As was the case with the ACC at No. 3, it's primarily because the bottom couple of teams are weighing down the overall averages. But as long as Illinois and Rutgers don't pull off too many upsets in conference play, who cares? Especially with this year's increase from 18 Big Ten games to 20, there will be ample opportunity for the league's good teams to exchange quality wins with one another, paving the way for up to 10 teams to reach the NCAA tournament.
The Big Ten only sent four teams to the Big Dance last year and has never had more than seven teams make it, so it is in rarefied air right now.
The biggest differences from last year are that Nebraska is better than it has ever been during the KenPom era, and that Wisconsin, Indiana and Iowa have rallied from down years to return to their usual levels of excellence. Each of those teams is up at least 40 spots in the KenPom rankings from where it finished the 2017-18 season, and Northwestern (was 85; now 47) isn't far behind. Even Rutgers (109) is less of an albatross than it usually is.
Add it all up and this is easily the best the Big Ten has been from top to bottom since expanding to 14 teams five years ago.
1. Big 12
Title Contenders: Kansas, Texas Tech
Second-Weekend Teams: Iowa State, Kansas State
Tournament Teams: TCU, Oklahoma, Texas, West Virginia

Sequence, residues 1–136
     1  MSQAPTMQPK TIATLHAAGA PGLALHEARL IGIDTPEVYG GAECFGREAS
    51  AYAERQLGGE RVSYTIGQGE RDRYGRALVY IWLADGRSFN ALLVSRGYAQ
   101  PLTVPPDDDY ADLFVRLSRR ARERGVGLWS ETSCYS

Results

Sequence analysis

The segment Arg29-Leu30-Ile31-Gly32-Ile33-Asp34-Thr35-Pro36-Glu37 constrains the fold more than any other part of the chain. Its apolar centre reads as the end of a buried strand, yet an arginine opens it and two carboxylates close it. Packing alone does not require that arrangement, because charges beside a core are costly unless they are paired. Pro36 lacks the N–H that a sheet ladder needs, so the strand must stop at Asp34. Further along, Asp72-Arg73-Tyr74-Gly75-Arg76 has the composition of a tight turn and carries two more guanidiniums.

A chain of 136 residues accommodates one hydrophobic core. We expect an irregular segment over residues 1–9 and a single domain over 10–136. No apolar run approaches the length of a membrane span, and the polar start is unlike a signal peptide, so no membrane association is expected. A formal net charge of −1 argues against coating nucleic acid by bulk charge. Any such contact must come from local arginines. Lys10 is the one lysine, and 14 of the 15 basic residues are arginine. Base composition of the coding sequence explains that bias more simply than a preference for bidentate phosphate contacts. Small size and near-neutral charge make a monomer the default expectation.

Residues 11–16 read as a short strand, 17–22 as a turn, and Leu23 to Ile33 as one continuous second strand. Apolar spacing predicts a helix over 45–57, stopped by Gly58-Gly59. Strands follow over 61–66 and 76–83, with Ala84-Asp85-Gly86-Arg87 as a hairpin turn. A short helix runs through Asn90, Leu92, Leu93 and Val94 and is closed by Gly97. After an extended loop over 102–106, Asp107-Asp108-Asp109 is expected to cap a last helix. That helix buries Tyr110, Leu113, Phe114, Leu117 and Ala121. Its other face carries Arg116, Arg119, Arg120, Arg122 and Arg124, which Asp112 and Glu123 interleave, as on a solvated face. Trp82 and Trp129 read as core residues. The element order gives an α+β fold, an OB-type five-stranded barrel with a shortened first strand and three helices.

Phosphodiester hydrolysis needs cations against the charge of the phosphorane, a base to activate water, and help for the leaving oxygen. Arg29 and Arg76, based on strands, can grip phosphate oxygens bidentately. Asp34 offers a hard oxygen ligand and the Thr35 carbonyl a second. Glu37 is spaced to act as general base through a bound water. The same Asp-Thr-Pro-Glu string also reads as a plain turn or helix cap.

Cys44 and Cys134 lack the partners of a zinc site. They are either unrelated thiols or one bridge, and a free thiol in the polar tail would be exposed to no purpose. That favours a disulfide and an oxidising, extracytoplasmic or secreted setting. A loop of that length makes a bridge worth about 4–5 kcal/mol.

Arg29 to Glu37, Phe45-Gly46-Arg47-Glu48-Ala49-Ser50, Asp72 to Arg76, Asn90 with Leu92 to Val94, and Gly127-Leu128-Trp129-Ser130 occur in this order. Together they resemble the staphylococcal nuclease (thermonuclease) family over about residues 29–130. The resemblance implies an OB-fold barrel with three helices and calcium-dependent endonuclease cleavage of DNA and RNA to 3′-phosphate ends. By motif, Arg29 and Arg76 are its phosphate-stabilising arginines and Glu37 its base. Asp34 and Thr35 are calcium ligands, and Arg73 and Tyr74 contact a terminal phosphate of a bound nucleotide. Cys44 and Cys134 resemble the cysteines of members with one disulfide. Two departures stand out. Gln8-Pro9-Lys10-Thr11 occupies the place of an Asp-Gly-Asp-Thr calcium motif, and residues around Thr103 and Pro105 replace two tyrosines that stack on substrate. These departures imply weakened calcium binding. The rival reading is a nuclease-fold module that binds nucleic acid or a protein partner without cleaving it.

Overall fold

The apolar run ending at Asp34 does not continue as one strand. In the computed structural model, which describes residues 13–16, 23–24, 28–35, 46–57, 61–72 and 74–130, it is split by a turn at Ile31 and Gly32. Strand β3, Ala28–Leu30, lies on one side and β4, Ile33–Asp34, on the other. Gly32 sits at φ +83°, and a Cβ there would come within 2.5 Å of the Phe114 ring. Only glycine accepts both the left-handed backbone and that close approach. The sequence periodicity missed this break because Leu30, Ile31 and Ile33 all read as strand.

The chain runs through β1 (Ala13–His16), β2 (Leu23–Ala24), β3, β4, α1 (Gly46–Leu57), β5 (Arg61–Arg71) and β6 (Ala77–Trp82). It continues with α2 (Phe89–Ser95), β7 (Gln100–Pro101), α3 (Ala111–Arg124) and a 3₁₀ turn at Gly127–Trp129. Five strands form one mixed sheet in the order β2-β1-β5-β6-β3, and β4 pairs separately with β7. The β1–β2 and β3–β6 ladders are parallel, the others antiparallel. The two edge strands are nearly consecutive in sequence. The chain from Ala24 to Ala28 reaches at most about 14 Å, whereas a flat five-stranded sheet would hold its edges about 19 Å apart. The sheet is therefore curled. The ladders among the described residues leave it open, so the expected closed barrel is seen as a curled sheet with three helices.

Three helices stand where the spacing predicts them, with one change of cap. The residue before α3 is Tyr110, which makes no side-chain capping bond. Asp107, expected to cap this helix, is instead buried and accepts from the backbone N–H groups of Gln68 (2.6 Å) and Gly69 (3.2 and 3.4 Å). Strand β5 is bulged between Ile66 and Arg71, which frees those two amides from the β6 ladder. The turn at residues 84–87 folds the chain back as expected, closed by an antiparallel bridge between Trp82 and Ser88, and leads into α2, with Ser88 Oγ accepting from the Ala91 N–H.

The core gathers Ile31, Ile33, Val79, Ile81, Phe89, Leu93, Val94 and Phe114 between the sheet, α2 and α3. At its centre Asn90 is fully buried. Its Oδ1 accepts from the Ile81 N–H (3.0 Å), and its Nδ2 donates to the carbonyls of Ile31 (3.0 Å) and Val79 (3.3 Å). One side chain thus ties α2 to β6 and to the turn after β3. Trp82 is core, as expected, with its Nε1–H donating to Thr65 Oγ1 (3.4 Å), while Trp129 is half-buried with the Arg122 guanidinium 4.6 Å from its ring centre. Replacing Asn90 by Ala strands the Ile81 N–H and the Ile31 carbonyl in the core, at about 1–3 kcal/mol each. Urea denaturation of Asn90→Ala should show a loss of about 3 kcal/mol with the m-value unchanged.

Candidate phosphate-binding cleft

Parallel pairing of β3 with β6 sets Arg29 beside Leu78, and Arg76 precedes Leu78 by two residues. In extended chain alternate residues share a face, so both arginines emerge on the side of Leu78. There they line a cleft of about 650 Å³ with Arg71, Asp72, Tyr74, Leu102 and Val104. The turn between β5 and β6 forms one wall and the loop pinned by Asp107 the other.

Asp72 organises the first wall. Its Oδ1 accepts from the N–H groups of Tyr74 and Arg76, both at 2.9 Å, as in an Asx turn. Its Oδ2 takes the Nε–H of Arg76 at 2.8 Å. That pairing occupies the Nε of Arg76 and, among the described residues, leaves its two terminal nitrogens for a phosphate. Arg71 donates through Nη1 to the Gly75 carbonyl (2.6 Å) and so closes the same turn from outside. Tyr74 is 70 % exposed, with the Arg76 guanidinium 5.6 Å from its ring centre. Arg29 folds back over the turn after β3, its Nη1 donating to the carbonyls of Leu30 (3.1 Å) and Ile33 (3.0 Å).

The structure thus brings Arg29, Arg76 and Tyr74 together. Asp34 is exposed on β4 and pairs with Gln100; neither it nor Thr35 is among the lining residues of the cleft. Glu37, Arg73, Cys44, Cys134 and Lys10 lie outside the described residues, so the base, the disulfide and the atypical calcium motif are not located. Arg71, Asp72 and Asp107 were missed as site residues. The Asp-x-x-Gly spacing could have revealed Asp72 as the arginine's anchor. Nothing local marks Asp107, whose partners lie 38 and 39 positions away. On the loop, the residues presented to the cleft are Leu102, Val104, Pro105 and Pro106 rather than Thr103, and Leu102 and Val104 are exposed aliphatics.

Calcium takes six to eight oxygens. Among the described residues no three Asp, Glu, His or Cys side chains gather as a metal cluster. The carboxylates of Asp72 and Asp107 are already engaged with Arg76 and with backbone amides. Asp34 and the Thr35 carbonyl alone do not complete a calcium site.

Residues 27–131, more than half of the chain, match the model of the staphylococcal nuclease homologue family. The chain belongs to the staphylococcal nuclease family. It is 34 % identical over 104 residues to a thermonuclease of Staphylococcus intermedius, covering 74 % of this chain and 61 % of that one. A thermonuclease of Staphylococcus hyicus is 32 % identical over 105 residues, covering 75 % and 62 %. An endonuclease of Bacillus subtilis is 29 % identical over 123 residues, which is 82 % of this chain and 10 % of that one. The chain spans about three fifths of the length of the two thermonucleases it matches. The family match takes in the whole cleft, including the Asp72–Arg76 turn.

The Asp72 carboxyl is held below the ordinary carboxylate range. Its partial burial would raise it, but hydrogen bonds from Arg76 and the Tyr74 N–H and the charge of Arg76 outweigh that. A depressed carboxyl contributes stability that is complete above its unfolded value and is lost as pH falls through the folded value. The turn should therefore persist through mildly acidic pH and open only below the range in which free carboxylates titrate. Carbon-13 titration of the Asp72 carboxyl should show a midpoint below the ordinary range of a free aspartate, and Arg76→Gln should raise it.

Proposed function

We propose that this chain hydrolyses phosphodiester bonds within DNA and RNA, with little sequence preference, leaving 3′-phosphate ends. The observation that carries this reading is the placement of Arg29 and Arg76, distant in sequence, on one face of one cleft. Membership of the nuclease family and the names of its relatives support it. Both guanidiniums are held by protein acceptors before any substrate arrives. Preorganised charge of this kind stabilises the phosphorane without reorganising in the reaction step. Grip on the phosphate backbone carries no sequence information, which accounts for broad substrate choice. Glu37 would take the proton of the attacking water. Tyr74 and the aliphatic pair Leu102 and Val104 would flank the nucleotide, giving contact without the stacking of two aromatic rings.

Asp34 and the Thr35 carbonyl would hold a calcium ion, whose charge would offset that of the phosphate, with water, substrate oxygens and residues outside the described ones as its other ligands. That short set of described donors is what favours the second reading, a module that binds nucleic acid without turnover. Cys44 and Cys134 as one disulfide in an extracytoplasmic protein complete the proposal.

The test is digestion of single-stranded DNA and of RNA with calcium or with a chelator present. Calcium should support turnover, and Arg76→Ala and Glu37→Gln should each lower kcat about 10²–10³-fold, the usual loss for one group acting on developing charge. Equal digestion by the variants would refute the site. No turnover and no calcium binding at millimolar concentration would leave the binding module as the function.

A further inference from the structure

Could Sneak In: Baylor, Oklahoma State
Not Completely Terrible: N/A
For the sixth consecutive year, the Big 12 is in great shape to have the best regular season.
It hasn't done the league much good in the tournament, though. During that stretch, the Big 12 has only had two teams reach the Final Four. Both of those teams (Oklahoma in 2016, Kansas in 2018) got smoked by Villanova in the national semifinals.
But that's more of a factoid to remember in March than it is a reason to bump this league from the top spot.
Per usual, Kansas is a top-10 team, and it has a stiff challenger with Final Four potential. This year, that team is 10-0 Texas Tech, which is somehow thriving despite losing Keenan Evans, Zhaire Smith, Justin Gray, Niem Stevenson, Zach Smith and Tommy Hamilton. Chris Beard has to be the early front-runner for National Coach of the Year because of that.
Also per usual, there are no nights off in the Big 12. Nine of the 10 teams went at least 8-10 last year, and that might be the case again this year, with Oklahoma State being the only team in the league that might crash and burn. But the 4-6 Cowboys are still ranked 77th on KenPom and already have wins away from home (by double-digit margins) against LSU and Memphis. When that's probably the worst team in the conference, yikes.
West Virginia is the only Big 12 team that doesn't already have at least one win over a KenPom Top 100 opponent. Texas has three such victories. Oklahoma has five. And all nine of Kansas' wins have come against teams in the Top 150.
The Big 12 is already in great shape to get seven or eight teams into the NCAA tournament, and it could even make a run at sending 90 percent of the conference dancing, depending on how things shake out in the SEC-B12 Challenge in late January.
Kerry Miller covers men's college basketball and college football for Bleacher Report. You can follow him on Twitter: @kerrancejames.